Celebrating the award at the site of the Downtown Market are, from left, Brian Harris, DDA board chair; Carole Valade, Business Journal editor; George Aquino, Downtown Market board chair; John Zwarensteyn, Business Journal publisher; and David Frey, Grand Action co-chair. Photo by Michael Buck
Members of the team that came together a few years ago to collaborate on the Downtown Market project joined the Grand Rapids Business Journal this week at the project site to accept their award for Newsmaker of the Year.
“Our motto has always been (to) think boldly, plan collegially and act in a sense of urgency,” said David Frey, Grand Action Committee co-chair. “I think that sort of captures how we’ve worked together for almost 20 years now. I think the fact that we are being recognized while we are still under construction — it’s a growing realization of what this facility is all about and the role that it plays in terms of all the other activities in the city.”
This is not the first time Grand Action and the Downtown Development Authority have come together to develop a project of this magnitude. In the past, the two organizations have worked on such transformative projects as Van Andel Arena and DeVos Place, as well as other smaller projects.
The Downtown Market has been drawing comparisons to the Van Andel Arena in terms of its potential economic impact on the city and the region, and Brian Harris, DDA board chairman, agrees with those comparisons.
“It’s probably a fair comparison, at point and time,” said Harris. “At point and time, when we needed — whether it’s the arena, DeVos Place or even the JW Marriott — point and time, those are very instrumental projects in creating the critical mass that we needed downtown. This is, at this point and time, the same sort of project, but obviously a very different project.”
The $30 million project is expected to have an economic impact of $775 million and create up to 1,300 jobs during its first 10 years.
Harris is confident those numbers actually will be exceeded.
Farmers and the local agriculture industry are one of the primary groups expected to benefit from the market, which will focus on locally produced food and goods.
“This project fills a very real need for the city and for the region, and it recognizes the enormous impact of the agriculture community in West Michigan,” Frey said. “It’s a huge part of our economy. It’s the new generation of foodies who will thrive and will come to this place like you can’t imagine.”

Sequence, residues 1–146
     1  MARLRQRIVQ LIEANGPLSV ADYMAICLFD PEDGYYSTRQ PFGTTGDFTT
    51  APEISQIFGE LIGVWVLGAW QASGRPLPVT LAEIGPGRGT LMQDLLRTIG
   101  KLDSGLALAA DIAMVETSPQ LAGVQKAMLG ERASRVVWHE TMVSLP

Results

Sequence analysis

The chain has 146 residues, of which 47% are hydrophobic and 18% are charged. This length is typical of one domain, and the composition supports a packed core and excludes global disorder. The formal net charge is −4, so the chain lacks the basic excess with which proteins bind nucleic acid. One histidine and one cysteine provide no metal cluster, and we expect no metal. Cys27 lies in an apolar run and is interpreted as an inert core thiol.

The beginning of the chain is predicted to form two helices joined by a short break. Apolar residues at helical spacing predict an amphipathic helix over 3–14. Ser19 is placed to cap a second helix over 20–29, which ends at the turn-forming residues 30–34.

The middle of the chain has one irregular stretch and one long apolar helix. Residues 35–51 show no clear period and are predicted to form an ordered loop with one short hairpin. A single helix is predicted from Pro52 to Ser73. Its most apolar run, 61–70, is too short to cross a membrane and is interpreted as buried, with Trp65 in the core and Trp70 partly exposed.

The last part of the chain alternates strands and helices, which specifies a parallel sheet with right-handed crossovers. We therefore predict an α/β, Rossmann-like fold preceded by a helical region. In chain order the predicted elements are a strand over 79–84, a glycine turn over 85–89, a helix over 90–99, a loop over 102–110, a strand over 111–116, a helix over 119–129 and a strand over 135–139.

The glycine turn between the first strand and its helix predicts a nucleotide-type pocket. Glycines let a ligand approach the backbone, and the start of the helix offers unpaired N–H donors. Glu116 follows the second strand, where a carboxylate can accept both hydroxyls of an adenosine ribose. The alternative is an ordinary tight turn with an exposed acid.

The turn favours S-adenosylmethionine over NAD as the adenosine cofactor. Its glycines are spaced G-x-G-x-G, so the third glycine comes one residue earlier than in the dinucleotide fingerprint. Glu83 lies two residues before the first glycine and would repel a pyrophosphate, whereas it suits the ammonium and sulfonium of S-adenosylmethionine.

Frey also acknowledged that the market extends the southern boundary of the city into an underdeveloped area, which is already breeding growth with at least three residential housing projects planned for the immediate vicinity.
The market also will be a great selling point for Grand Rapids.
“What’s really exciting about this project is it really impacts the entire region and really the state, because a downtown market like this really opens it up to a broad audience,” said George Aquino, board chairman for the Downtown Market.
“We’ve really seen an increase in group business and conventions. Something like this would allow more conventioneers to come in with their spouses or families and, while they’re at a meeting, their family can walk over here and spend a good portion of their visit here in this market, along with the other things that we have available in this city. We have great museums and the Meijer Gardens, and this will be an addition to this community.”
With the track record that Grand Action and the DDA have, it’s not hard to believe in the projected numbers.
“I mean, we do a lot of front-end homework — due diligence, if you will — on all of our projects,” Frey said. “That is really one of the keys to our success. We’ve studied the subject. We’ve had the most sophisticated consultant in the country, out of Portland, Maine — Ted Spitzer (working on it).
“We know exactly what to expect from this. We’ve got a very strong balance sheet for the board to operate with and we have very high assurance and comfort level that this facility will be very successful financially, which it needs to be. It needs to be a profitable facility not only for the vendors but for the organization itself.”
The community will not be disappointed, added Frey.